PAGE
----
The most important events this week that could weigh on the movements of major currencies will be the U.S. non-farm payrolls, FOMC statement and manufacturing data from major economies.
The U.S. dollar failed to rebound from its record lows the previous week, as fears of further protectionist stance from the U.S. reignited concerns of trade war.
The dollar hovered near three-year lows at the end of last week, as President Donald Trump imposed a 30 percent tariffs on washing machines and solar panels made outside the United States, raising concerns of a trade war with China and South Korea.
Steven Mnuchin, US Treasury secretary, hailed the trade benefits stemming from a weak dollar, adding further pressure on the green currency, whilst Trump’s hawkish remarks about the dollar proved to be short-lived.
It seems that investors are convinced that the U.S. administration is preferring a weak currency to gain trade benefits over rivals, especially major economies in Asia.
On the economic front, the U.S. will release its famous non-farm payrolls for the month of January, which may signal a job gain of 195,000 and steadiness in unemployment rate at 4.1 percent.
Eyes will also focus on the interest rate decision the FOMC statement from the Federal Reserve, amidst expectations of seeing no change in the borrowing cost.
While the first rate hike is highly predicted to occur in March, investors will look for any clues in the Fed’s statement.
The euro maintained its bullish direction last week, reporting its sixth straight weekly gain versus the U.S. dollar, despite concerns from ECB President Mario Draghi regarding the exchange rate of the euro.
“The concern was broader than simply the exchange rate, it was about the overall status of international relations right now.” Draghi mentioned during the press conference following the ECB policy meeting last week.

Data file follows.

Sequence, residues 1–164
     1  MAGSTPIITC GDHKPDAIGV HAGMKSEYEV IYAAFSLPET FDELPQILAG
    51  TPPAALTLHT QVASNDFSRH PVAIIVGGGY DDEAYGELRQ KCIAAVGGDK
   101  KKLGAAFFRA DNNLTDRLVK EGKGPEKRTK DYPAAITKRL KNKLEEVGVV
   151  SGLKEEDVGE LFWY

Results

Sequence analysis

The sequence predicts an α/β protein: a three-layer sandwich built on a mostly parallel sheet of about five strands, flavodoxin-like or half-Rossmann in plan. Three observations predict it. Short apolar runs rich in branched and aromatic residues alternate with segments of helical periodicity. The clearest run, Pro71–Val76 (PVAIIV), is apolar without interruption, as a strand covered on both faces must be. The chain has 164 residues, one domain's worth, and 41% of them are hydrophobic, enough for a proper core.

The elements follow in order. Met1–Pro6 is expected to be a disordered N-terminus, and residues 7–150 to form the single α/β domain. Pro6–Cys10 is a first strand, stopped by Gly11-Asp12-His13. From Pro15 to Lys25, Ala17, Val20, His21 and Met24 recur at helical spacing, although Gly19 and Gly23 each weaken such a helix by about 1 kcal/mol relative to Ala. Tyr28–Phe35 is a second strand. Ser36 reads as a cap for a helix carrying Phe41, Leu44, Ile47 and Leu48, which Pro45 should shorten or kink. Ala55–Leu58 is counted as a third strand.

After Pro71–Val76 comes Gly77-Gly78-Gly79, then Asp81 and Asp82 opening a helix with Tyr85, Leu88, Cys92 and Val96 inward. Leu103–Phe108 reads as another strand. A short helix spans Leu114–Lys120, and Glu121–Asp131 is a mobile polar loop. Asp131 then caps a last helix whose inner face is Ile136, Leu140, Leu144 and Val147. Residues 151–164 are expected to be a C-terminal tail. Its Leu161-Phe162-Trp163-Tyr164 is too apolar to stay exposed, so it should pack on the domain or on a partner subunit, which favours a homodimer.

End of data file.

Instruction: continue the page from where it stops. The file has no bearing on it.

Meanwhile, investors predict the strong growth in the euro area would push inflation higher towards the ECB 2 percent target and therefore policymakers could start trailing the Fed’s monetary tightening path.
Investors will focus this week on the final manufacturing PMI for January, which could more confidence the strong start of the year could encourage the ECB to start monetary tightening.
However, stronger confirmation is needed from the euro area’s CPI flash estimate, as it will reflect the inflation path during the first month of the New Year.
The flash estimate may show a retreat to 1.3 percent increase in the year ended January from a previous of 1.4 percent.
Further retreat in inflation from the ECB’s goal of near 2 percent could put the euro under pressure and force it to start a downside correction.
The pound sterling gained against the dollar last week, taking advantage of the weakness in the dollar, where it also took cues from strong growth report showing a better than forecast expansion in the last quarter of 2017.
This week, the pound sterling is likely to be affected by the U.K. manufacturing and construction PMI data for January.
Also, BOE Governor Mark Carney will testify before the House of Lords Economic Affairs Committee, where his remarks could affect the movements of the sterling.
Gold advanced the previous week to a 17-month high, yet it faced some sell off on profit taking from investors after the stellar start for the metal this year.
The shiny metal rose last week amid the persistent weakness in the dollar, recording its sixth weekly gain in seven weeks.
Some analysts predict that gold would continue its rally this year, where the next station would be $1400 an ounce.
Regarding oil, crude oil strengthened to trade at the highest level in more than three years last week, benefitting from the sharp drop in the dollar.
However, oil prices could face downside pressure from the rising U.S. output that could soon reach 10 million barrel per day, set to be head to head with top producers such as Russia and Saudi Arabia.
crude stockpiles probably plunged 1.6 million barrels in the week ended January
26, the EIA government report may show this week.